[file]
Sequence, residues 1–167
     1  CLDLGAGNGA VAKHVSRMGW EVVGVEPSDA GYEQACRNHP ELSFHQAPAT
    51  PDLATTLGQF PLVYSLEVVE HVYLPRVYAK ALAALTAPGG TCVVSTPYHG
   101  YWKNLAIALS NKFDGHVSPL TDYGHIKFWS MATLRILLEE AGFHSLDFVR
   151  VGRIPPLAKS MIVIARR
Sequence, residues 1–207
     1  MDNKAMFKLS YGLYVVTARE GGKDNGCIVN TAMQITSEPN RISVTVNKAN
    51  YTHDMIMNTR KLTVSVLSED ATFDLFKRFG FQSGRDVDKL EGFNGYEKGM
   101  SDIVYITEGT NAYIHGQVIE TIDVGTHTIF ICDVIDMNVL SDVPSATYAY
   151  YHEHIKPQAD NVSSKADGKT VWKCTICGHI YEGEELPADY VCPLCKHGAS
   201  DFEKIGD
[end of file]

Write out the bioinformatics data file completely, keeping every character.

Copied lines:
Sequence, residues 1–167
     1  CLDLGAGNGA VAKHVSRMGW EVVGVEPSDA GYEQACRNHP ELSFHQAPAT
    51  PDLATTLGQF PLVYSLEVVE HVYLPRVYAK ALAALTAPGG TCVVSTPYHG
   101  YWKNLAIALS NKFDGHVSPL TDYGHIKFWS MATLRILLEE AGFHSLDFVR
   151  VGRIPPLAKS MIVIARR
Sequence, residues 1–207
     1  MDNKAMFKLS YGLYVVTARE GGKDNGCIVN TAMQITSEPN RISVTVNKAN
    51  YTHDMIMNTR KLTVSVLSED ATFDLFKRFG FQSGRDVDKL EGFNGYEKGM
   101  SDIVYITEGT NAYIHGQVIE TIDVGTHTIF ICDVIDMNVL SDVPSATYAY
   151  YHEHIKPQAD NVSSKADGKT VWKCTICGHI YEGEELPADY VCPLCKHGAS
   201  DFEKIGD